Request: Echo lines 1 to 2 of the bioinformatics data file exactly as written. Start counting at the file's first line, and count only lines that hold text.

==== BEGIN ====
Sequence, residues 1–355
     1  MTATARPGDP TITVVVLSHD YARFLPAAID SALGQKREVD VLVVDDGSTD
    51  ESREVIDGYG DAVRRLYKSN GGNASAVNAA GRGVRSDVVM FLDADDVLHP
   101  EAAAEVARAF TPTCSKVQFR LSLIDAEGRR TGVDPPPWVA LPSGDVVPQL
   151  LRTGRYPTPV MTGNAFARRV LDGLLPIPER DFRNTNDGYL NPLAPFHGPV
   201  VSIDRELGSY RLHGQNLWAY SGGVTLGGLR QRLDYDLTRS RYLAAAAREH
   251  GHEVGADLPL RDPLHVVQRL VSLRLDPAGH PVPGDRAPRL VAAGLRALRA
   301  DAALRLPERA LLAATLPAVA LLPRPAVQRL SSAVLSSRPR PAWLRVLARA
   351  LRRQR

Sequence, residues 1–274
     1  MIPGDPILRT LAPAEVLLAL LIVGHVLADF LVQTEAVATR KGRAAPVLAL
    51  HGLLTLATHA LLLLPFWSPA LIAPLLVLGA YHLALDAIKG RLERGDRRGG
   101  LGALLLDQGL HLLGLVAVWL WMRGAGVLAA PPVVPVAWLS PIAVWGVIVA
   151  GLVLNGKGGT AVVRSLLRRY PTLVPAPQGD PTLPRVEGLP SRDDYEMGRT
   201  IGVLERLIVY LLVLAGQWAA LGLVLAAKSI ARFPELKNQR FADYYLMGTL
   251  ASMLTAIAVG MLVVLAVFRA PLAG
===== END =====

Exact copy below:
Sequence, residues 1–355
     1  MTATARPGDP TITVVVLSHD YARFLPAAID SALGQKREVD VLVVDDGSTD